Quaker Practice

Detached Compassion

What does Detached Compassion mean? Doesn’t being compassionate involve passionate caring about others? I began exploring this concept while I was in the throes of burnout. After years as a counselor, I wasn’t sure I could go on caring so much for others and neglecting myself. I was suffering from compassion fatigue, which is a common problem in helping professions.

I studied professional literature, which recommended taking time for self-care and setting better boundaries. But often I would prioritize the suffering of clients and friends over my own needs. I didn’t feel right about doing something good for myself or enjoying life while others were suffering. It seemed selfish, and I wasn’t supposed to be selfish.

I started seeing a therapist who encouraged me to be “self-full.” “You will be more effective if you give from a full bucket,” she told me. While this made sense, I still wavered in my resolve, regularly dropping my own plans to help someone in need.

I read books on gender dynamics and realized that, as a woman, I was culturally programmed to care for others above myself. Observing my family, I could clearly see where these messages had come from. This awareness helped me understand the emotional hooks which triggered my automatic responses.

I also read several Buddhist books that introduced me to the idea of detached compassion, which was new to me. Compassion is a central tenet of Buddhism, but it is not connected to martyrdom. Compassion for all living beings, including oneself, is a goal of Buddhist practice. So is detachment, which is not being attached to the passing forms and states of human existence. In other words, detachment is accepting where we are and what is happening in each moment as we move through life.

So how does one detach while being compassionate? The basic idea is to detach from the outcome, while allowing our hearts to guide us in compassionate action. This was a liberating concept I’d never considered! I realized I was very attached to the outcome of my helping and giving. I wanted clients to reach their goals, and my professional evaluations focused on this. I wanted friends and family to be happy. I wanted the world to be just and peaceful. I couldn’t rest until those outcomes were achieved, which meant I never rested.

It also meant I often took more responsibility for others and their choices than was my place. Detached compassion means we let others make their own choices and deal with their own outcomes, while still caring deeply about them. We may have to make choices in response, like setting boundaries and detaching from toxic or abusive relationships. I remind myself that others have a right to learn as they go, just like me, and while I like to help, it’s their life. I can be more helpful when I’m centered in myself and not caught up in their emotions and crises. It’s also helpful to maintain awareness that all things pass.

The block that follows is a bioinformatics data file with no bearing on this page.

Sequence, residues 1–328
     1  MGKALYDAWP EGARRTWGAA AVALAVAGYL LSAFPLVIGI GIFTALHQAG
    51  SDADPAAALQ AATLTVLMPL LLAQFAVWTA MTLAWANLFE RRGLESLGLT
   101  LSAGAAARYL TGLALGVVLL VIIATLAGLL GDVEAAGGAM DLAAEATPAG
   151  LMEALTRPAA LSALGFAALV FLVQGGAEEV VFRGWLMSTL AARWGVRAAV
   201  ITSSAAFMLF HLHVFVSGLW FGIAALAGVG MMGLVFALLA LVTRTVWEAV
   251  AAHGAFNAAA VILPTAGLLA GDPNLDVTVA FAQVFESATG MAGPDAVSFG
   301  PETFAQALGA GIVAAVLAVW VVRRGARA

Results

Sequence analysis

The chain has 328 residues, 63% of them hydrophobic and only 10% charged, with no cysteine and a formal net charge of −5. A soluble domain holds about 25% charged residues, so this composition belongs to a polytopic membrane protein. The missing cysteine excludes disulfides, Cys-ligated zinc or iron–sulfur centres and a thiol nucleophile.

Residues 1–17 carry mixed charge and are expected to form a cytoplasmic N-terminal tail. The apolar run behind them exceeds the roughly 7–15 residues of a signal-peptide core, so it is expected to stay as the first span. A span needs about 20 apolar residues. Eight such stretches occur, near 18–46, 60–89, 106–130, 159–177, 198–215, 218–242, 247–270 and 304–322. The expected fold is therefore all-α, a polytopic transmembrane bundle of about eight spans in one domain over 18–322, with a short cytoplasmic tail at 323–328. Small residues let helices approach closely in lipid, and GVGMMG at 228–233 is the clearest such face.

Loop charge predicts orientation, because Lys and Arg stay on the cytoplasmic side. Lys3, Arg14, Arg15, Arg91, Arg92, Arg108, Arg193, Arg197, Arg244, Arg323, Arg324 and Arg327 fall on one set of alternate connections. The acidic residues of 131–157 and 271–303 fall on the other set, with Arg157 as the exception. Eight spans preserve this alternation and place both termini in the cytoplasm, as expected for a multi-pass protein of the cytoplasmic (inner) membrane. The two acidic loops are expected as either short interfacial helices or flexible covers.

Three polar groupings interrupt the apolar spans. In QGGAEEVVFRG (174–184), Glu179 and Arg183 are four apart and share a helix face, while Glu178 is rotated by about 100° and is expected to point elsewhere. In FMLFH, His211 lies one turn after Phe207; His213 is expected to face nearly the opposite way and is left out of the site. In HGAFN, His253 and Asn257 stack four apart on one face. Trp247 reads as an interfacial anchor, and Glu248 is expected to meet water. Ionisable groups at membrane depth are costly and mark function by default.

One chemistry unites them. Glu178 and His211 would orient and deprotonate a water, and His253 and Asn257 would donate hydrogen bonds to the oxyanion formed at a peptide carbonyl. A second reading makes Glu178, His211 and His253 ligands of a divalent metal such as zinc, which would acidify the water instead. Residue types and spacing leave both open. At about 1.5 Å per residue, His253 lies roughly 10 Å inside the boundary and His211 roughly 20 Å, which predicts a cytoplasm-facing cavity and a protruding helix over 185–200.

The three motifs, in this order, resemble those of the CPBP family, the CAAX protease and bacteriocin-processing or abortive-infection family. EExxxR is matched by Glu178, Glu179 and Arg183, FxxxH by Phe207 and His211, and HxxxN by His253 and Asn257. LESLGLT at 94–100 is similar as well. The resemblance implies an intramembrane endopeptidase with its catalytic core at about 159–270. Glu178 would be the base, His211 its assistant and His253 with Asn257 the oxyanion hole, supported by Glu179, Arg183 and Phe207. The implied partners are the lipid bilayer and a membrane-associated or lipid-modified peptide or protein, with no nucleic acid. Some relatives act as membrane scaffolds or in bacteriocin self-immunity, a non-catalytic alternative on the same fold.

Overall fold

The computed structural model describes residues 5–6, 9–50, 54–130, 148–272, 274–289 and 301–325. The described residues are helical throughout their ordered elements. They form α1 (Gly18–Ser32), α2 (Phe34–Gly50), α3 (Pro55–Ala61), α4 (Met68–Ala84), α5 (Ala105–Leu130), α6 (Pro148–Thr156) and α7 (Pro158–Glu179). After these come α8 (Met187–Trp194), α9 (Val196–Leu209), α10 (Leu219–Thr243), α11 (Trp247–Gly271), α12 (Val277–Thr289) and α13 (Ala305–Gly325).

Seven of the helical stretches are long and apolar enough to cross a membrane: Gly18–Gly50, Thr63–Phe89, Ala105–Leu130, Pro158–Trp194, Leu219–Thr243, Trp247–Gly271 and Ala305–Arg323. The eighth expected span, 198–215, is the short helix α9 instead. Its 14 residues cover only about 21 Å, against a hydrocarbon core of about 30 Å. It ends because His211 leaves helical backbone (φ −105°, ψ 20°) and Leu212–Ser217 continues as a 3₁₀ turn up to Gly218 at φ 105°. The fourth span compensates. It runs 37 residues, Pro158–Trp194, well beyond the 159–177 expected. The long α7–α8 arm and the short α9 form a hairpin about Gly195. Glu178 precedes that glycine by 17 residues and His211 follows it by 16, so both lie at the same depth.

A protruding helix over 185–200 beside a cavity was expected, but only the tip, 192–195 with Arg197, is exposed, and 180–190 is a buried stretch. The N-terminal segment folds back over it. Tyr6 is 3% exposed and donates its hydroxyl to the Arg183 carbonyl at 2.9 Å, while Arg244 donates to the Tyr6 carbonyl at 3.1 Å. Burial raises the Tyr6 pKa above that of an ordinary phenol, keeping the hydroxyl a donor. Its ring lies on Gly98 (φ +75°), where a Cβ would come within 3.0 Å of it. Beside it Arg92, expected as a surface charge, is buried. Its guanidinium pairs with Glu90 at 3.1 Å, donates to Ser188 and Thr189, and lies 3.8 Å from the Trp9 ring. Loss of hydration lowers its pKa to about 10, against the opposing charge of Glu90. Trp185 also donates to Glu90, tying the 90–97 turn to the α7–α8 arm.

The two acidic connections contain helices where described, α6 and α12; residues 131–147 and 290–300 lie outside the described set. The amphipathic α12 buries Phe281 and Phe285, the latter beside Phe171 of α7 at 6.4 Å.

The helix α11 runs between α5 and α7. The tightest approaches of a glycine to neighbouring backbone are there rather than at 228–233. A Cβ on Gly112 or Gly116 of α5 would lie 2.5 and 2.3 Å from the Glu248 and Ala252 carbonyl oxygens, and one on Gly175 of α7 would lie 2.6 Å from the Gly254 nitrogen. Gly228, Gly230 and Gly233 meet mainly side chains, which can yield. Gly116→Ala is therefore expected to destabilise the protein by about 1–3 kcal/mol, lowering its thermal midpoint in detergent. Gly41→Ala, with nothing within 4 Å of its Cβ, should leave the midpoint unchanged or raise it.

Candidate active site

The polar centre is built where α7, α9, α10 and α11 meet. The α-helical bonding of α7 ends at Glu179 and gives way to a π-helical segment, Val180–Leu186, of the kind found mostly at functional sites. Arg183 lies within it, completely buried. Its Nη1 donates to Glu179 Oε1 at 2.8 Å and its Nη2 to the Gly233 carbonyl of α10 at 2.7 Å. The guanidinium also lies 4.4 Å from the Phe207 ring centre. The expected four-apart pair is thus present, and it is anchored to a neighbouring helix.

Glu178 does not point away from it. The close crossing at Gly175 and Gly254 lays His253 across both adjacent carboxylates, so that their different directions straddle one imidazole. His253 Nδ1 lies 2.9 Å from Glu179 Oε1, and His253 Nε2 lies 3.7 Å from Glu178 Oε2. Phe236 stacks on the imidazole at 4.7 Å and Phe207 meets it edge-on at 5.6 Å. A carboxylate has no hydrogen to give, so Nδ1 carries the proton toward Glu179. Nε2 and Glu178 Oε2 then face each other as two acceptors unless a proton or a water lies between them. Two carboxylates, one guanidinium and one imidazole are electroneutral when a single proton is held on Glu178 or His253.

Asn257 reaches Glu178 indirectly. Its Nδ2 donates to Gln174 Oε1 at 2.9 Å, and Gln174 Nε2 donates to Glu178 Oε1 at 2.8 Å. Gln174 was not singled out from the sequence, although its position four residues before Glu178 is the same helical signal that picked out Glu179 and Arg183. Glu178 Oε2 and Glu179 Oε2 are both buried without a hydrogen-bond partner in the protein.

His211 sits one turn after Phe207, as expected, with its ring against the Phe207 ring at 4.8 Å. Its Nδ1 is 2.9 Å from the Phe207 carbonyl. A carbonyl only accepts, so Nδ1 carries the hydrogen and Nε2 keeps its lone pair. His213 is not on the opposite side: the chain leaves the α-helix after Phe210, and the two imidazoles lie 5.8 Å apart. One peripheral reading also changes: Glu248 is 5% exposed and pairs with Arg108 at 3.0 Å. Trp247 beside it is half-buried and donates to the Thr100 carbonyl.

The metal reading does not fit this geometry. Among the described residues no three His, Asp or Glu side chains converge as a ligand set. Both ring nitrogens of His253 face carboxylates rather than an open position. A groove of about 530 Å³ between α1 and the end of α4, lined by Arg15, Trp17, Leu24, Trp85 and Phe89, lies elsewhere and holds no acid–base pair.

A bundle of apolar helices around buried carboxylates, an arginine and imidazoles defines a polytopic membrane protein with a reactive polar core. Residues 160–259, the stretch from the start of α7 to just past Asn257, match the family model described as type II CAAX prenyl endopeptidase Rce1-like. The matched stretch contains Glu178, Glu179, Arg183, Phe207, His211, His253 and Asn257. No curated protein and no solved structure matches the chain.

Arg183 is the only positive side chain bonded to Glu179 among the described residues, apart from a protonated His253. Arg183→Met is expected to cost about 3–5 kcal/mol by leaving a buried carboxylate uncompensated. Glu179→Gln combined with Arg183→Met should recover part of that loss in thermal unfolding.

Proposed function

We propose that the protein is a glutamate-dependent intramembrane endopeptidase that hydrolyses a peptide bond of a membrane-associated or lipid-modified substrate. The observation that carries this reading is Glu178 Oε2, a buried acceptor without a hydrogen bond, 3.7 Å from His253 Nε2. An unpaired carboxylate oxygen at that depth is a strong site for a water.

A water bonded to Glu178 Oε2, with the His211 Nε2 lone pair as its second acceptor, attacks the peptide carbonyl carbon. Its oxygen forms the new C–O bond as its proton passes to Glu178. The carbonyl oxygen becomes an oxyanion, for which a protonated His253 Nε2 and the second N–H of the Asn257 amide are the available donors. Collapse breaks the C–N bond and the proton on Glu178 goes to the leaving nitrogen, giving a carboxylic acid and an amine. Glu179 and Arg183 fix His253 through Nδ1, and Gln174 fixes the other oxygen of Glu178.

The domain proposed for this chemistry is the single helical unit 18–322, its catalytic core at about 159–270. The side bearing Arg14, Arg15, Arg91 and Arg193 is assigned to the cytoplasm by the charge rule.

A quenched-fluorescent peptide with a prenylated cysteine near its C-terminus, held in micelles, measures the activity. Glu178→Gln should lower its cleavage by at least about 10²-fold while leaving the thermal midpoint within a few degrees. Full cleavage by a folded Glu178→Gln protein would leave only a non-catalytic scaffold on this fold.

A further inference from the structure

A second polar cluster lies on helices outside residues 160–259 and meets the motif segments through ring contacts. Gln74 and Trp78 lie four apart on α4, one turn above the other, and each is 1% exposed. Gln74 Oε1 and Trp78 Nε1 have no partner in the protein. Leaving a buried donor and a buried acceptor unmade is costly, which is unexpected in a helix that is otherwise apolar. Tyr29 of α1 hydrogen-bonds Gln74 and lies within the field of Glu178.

In my explorations on the topic of detached compassion, I have found the writings of the Dalai Lama to be particularly helpful. What I learned from him is that life is full of suffering, but it is also full of joy. He has witnessed terrible suffering, especially of his own people when China invaded Tibet. He lives in exile, and he is full of joy. How is that possible? He can detach emotionally from suffering while being compassionately present with an open heart, allowing his words and actions to be guided in each moment. His intention is to alleviate suffering; however, he is not attached to how or when this will happen. In this way, he opens space around suffering with his acceptance, so its hold can be loosened. In this spacious awareness, new possibilities arise. He also has a great sense of humor and strong faith in others.

As I absorbed the Buddhist perspectives, the possibility of being at peace with suffering arose. I learned it was my resistance to the fact of suffering which was causing my distress and leading to burnout. I began to practice being with the suffering of myself and others, while keeping my heart open. That required getting out of my head, which is my favorite place to hang out! I learned about the dance that happens between heart and head. I discovered that leading with my heart while letting go of my head’s agenda and judgments was a more skillful and joyful way to be with others. Then my head can be in service to my heart instead of the other way around.

I am still working with these lessons every day. I often forget what I learned and fall back into old patterns. When I catch myself getting hooked again into outcomes, I take a deep breath and remind myself to let go, open my heart and simply be with what is in the moment. I am a living creative process, as is everyone else. I can be deeply compassionate towards suffering and trust the process. I have learned that suffering often leads to joy given the spaciousness of acceptance and time.

By Rhonda Ashurst, Blog Contributor, Reno Friends Meeting

The opinions expressed above are not necessarily those of Reno Friends Meeting.